STMicroelectronics CEO Jean-Marc Chéry said the chip shortage would permanently reshape supply chains, and customers would need to start holding inventory:

  • "If they expect the semiconductor [suppliers] to be the bank, to keep having a big working capital to support them, they can forget it."

Making Moves

Samy Bengio is joining Apple to run an AI research unit. He joins from Google, which he left in the midst of its recent AI team turmoil.

Ajit Pai is a new visiting fellow at the American Enterprise Institute, in addition to his gig at Searchlight Capital Partners.

Sony is investing in Discord, and the two companies are partnering to bring Discord into the PlayStation Network. Pretty sure that's the nail in the coffin of a Microsoft acquisition.

Vitalik Buterin is a crypto billionaire now, as the price of Ether jumped to $3,200. Buterin created Etherum, and his 333,500 Ether are worth a little over $1 billion.

Intel is investing $3.5 billion in its plant in New Mexico, as it continues to ramp up production capacity around the U.S.

In Other News

  • On Protocol: VCs are crowdfunding themselves. Firms like Backstage Capital and Earnest Capital are tapping into their network of followers to fund their operational costs, with backers getting a slice of the firm's profit.
  • Twitter announced paid features for Spaces, letting users sell tickets to access the live audio conversations. Twitter's keeping a "small amount" of the revenue. It also rolled out Spaces to everyone with over 600 followers, potentially spelling trouble for Clubhouse, which has seemingly seen downloads plummet since February.
  • Fidelity halved its Ant Group valuation, marking its shares at prices that implied a valuation of $144 billion. That's below what Fidelity originally paid for its shares in Ant.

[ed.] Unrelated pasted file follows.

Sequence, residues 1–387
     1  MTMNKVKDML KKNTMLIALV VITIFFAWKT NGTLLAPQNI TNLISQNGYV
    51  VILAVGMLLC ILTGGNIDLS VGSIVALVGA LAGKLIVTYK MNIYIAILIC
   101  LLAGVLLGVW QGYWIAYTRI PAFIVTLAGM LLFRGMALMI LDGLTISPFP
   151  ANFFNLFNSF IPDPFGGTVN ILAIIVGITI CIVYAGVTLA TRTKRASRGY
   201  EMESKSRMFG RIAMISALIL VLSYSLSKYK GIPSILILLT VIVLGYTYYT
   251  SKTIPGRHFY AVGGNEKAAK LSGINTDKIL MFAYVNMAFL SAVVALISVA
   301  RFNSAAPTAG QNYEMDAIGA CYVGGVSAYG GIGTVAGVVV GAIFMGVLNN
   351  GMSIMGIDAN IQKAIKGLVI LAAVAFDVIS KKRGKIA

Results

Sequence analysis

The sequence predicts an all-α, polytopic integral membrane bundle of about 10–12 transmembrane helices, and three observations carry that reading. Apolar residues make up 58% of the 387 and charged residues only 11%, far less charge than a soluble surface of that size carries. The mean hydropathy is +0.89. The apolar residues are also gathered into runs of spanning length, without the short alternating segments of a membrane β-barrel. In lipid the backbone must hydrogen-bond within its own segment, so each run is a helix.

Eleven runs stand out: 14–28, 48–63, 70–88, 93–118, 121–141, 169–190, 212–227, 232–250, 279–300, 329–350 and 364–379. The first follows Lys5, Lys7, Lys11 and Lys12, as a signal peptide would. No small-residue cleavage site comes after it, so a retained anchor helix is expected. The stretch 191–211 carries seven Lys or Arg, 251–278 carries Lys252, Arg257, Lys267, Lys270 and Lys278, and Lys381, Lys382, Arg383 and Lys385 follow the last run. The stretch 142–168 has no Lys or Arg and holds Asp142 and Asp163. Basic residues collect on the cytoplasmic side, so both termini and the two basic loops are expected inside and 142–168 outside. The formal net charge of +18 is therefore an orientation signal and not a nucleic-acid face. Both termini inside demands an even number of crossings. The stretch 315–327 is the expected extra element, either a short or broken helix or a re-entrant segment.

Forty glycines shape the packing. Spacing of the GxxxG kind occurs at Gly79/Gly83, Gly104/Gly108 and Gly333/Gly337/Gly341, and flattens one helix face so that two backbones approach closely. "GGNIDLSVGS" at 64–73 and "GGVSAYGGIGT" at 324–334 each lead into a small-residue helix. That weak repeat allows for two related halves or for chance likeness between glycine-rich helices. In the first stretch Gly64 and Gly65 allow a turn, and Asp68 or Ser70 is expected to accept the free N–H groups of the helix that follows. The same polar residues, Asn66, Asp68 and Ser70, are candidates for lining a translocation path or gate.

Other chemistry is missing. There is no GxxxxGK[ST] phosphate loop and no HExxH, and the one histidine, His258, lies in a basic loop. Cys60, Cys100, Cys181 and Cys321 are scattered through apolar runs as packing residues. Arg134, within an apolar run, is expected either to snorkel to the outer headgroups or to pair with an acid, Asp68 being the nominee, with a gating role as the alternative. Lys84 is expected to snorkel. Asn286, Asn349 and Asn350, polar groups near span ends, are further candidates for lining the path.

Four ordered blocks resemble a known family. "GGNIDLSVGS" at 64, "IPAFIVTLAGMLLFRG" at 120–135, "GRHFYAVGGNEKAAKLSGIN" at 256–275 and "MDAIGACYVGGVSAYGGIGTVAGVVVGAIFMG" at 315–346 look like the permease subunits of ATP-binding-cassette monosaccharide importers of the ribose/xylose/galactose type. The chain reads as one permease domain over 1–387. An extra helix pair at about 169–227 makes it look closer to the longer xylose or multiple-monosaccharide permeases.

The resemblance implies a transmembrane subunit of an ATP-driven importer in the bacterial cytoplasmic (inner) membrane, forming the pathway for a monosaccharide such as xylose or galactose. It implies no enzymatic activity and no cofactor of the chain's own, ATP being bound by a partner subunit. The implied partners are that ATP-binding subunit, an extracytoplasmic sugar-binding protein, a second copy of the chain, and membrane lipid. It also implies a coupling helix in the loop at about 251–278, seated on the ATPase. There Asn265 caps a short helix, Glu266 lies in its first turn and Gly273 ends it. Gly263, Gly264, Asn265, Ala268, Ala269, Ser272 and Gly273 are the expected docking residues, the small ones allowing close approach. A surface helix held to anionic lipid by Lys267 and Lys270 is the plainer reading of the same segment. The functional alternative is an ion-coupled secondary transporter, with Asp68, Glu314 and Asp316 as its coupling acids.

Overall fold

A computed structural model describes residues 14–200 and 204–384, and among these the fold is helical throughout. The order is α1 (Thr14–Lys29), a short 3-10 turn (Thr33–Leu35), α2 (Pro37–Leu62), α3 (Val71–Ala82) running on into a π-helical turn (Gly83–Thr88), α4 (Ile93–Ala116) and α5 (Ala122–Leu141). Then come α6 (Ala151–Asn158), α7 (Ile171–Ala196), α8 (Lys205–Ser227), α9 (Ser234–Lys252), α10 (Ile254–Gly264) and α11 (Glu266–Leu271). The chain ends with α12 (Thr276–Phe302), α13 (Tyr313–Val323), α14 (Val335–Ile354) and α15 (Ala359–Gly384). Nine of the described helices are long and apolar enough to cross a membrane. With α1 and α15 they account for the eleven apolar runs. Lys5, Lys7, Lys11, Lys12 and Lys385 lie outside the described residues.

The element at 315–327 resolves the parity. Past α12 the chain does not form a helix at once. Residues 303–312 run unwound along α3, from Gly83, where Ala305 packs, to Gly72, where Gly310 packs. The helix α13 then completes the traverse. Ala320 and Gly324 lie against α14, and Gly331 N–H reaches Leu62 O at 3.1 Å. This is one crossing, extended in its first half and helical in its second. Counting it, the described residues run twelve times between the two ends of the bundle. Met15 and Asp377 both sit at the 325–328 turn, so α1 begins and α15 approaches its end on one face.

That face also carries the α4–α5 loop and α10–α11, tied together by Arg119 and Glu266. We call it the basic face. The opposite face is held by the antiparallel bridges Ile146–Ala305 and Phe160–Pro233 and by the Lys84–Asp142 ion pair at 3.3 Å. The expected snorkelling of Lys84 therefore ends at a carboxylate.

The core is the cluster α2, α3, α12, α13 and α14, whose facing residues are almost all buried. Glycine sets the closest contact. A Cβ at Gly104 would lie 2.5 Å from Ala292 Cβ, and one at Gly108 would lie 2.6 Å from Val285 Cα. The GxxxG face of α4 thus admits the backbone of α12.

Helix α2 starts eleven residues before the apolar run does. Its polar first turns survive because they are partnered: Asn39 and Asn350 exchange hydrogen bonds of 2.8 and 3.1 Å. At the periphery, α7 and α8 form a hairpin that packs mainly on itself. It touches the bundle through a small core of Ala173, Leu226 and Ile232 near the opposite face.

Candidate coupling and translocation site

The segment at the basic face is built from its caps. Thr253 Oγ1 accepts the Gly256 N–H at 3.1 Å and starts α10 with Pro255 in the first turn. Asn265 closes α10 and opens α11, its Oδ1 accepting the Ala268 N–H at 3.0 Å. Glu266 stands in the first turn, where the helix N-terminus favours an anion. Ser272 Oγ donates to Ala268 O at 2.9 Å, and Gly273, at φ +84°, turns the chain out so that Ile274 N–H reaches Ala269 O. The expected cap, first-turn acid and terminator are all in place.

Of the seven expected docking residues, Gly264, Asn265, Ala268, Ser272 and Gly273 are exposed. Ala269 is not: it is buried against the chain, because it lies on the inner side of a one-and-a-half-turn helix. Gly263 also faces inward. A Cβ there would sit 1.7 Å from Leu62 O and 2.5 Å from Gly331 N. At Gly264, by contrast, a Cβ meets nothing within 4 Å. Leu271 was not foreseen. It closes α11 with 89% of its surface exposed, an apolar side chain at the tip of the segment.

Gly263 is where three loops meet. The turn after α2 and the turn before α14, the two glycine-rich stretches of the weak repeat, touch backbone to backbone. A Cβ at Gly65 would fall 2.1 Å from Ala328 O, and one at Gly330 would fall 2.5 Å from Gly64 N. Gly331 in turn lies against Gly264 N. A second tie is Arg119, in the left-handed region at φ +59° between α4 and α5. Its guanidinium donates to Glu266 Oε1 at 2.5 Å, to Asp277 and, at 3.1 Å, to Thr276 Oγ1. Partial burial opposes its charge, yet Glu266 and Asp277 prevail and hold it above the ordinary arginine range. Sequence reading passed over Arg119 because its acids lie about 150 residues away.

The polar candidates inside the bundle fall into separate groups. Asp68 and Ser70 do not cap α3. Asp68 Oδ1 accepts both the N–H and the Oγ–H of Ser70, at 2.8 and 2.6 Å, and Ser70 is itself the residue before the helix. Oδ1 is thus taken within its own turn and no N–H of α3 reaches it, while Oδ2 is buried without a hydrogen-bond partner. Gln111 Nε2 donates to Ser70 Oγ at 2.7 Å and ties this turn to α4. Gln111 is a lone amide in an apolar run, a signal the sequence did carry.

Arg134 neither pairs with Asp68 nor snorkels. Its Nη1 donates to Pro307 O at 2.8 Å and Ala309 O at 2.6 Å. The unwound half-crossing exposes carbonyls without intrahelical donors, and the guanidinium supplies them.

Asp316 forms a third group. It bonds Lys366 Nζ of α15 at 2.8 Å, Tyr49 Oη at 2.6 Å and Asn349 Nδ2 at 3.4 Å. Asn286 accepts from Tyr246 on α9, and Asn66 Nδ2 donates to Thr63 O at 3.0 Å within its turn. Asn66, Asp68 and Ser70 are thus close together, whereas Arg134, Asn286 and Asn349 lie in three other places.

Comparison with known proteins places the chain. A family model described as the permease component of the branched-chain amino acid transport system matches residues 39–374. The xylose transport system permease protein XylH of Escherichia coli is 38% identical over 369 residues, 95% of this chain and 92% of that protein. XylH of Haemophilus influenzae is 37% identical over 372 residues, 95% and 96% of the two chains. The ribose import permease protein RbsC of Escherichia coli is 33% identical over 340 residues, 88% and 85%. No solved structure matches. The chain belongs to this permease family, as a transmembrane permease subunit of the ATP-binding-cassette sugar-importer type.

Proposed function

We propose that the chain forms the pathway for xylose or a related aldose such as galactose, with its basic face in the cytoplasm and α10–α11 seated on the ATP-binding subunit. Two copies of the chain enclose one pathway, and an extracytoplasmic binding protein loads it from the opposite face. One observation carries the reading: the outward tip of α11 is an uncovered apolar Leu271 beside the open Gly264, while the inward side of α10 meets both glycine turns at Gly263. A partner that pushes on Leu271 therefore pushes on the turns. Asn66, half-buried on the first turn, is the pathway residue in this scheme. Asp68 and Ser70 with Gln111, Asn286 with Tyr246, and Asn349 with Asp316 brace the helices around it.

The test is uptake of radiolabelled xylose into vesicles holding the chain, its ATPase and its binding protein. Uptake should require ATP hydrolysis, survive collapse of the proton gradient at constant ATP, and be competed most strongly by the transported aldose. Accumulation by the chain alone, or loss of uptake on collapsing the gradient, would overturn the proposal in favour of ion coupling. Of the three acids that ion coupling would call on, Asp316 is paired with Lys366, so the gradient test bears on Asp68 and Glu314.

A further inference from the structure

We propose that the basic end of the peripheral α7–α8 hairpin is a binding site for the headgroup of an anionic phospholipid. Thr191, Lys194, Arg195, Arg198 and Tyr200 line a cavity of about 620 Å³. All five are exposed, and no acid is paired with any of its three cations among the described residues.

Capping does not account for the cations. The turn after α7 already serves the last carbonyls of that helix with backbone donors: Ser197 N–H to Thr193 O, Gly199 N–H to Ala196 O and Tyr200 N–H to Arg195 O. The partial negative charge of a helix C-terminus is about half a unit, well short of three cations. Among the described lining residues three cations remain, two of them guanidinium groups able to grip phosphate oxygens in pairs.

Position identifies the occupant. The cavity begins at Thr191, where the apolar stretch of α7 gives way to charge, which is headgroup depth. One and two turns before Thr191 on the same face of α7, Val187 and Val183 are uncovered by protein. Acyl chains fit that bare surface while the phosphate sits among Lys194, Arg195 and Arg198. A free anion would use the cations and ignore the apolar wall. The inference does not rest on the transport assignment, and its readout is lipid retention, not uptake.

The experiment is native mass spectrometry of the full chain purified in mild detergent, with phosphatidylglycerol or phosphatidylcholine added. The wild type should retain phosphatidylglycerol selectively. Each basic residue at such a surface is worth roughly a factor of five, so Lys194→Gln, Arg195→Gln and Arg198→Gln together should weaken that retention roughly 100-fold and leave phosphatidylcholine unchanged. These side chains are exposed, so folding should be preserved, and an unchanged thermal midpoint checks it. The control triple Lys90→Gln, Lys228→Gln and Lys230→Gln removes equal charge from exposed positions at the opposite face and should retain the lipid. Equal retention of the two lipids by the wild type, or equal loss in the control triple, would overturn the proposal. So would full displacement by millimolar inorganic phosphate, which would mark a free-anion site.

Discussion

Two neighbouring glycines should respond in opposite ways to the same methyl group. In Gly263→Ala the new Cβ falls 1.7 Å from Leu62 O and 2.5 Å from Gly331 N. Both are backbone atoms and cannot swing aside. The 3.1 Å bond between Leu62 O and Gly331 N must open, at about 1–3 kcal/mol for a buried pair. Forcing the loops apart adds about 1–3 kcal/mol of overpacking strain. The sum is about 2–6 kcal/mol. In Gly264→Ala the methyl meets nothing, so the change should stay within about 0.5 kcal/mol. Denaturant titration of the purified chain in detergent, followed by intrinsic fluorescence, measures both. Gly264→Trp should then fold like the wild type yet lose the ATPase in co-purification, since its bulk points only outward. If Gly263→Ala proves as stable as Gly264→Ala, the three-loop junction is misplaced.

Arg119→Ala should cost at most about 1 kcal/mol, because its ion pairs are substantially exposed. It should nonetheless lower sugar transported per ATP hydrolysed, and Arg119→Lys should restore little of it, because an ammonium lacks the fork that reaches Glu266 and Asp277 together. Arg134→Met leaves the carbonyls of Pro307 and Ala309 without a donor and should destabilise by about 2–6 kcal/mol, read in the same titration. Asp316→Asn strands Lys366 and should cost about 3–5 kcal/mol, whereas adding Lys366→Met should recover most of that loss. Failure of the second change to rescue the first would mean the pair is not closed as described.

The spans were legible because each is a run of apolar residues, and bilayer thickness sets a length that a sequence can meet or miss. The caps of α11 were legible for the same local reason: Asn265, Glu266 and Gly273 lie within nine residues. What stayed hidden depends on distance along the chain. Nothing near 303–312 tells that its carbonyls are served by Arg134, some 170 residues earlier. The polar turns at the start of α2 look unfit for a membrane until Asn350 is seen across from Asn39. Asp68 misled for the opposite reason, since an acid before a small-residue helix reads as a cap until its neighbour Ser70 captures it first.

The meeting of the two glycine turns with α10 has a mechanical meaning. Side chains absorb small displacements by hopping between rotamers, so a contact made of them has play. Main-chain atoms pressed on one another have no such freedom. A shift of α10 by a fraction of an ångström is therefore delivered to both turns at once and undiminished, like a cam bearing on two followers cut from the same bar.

• The Basecamp debacle was made worse by a disastrous all-hands meeting, Platformer reported. The Friday meeting reportedly left some employees in tears, and head of strategy Ryan Singer was suspended after questioning the existence of white supremacy at Basecamp.
  • Arrival partnered with Uber to make electric cars for ride-hailing drivers. Uber will help with the cars' design.
  • Meet the Meebits, the latest NFT project from CryptoPunks developer Larva Labs. Expect the 3D avatars to sell for ludicrous amounts of money.

Work In The Future

Never commute again

In a big new paper on remote work, three researchers found that there's a real productivity increase associated with work-from-home. The reasons vary pretty widely, from improved infrastructure to comfort with your surroundings. But there's one thing everybody has in common: They get more done when they don't spend hours getting to and from work.

The study estimates "that higher levels of WFH will boost productivity by about 4.6%. Over half of this productivity gain reflects the savings in commuting time afforded by WFH." Higher-paid workers tend to have longer commutes, the researchers found, and as they work from home, more cities will have to grapple with the lost income. But the point is this: Commuting sucks. And no matter what happens to your team going forward, you should try and minimize everyone's commute times. Because commute time kills work time.

A MESSAGE FROM INTEL

"I've been working at Intel on developer solutions for 24 years, and when I think about the hardware that we provide, what our customers ultimately want to do with it is turn it into solutions, or essentially create new magic," says Intel's Bill Pearson: "Developers provide the magic."

Learn more

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Today's Source Code was written by David Pierce, with help from Anna Kramer and Shakeel Hashim. Thoughts, questions, tips? Send them to david@protocol.com, or our tips line, tips@protocol.com. Enjoy your day; see you tomorrow.

Update: A previous version of this article incorrectly stated who was affected by recent defendant-friendly antitrust decisions. It is the plaintiffs that must provide more evidence, not the defendants.